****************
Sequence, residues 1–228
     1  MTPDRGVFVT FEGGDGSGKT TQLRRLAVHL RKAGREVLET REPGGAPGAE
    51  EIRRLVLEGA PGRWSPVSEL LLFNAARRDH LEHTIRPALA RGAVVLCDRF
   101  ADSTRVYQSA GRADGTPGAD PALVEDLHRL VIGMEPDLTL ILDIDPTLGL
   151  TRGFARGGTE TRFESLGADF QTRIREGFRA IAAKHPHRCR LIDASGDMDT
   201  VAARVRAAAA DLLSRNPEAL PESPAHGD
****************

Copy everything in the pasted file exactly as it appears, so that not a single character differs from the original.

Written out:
Sequence, residues 1–228
     1  MTPDRGVFVT FEGGDGSGKT TQLRRLAVHL RKAGREVLET REPGGAPGAE
    51  EIRRLVLEGA PGRWSPVSEL LLFNAARRDH LEHTIRPALA RGAVVLCDRF
   101  ADSTRVYQSA GRADGTPGAD PALVEDLHRL VIGMEPDLTL ILDIDPTLGL
   151  TRGFARGGTE TRFESLGADF QTRIREGFRA IAAKHPHRCR LIDASGDMDT
   201  VAARVRAAAA DLLSRNPEAL PESPAHGD